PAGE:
The Advertising Standards Authority (ASA) has banned a Government ad for the first time in five years.
Despite conceding that smoking is the UK’s single-biggest cause of preventable illness and early death in the UK, the ASA decided that the £7m ad campaign for the Department of Health’s anti-smoking campaign featuring graphic pictures of people with fish-hooks in their mouths were distressing and upsetting, especially for children.
The campaign triggered 774 complaints. The “Get Unhooked” campaign was created by Miles Calcraft Briginshaw Duffy and ran across television, poster, national press and magazines, and online.
One TV execution showed a woman doing the laundry as a child watched TV. She told the child: “Ten more minutes then homework, yeah?” A hook then appeared in her mouth and she was subsequently dragged across the floor into another room by a wire attached to the hook. The ad also showed a man suffering a similar fate and ended with the line “Get unhooked”. Both had “follow up” slots in the same break.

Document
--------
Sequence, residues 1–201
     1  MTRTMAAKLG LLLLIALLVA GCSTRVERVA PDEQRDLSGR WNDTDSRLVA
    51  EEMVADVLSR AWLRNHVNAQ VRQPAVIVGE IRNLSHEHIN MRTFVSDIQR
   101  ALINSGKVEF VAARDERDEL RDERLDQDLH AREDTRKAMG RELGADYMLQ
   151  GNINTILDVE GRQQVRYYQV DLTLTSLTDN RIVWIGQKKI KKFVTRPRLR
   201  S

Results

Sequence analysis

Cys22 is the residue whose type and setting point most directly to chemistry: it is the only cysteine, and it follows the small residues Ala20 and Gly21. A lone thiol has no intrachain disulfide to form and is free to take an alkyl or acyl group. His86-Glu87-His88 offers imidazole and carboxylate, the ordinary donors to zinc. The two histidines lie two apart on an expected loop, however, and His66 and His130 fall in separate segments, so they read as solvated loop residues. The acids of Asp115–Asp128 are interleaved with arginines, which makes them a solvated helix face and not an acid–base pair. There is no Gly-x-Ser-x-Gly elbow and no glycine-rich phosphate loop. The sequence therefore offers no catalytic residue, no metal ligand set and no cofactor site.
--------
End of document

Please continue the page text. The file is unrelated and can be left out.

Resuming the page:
The poster executions featured similar imagery and viewers and consumers complained that both the TV and poster executions were distressing to them and their children.
The TV ads did have an timing restrictions to avoid child viewers and the BACC had been aware of the potential to scare children. However, the ASA decided that despite the fact the TV ads and posters highlight the perils of smoking, they were likely to frighten and distress children.
Last year a press ad for HM Revenue and Customs showing what appeared to be a self-employed plumber evading tax by hiding under the kitchen sink was the second most complained-about ad of 2006. It attracted 271 complaints. But the complaints were not upheld.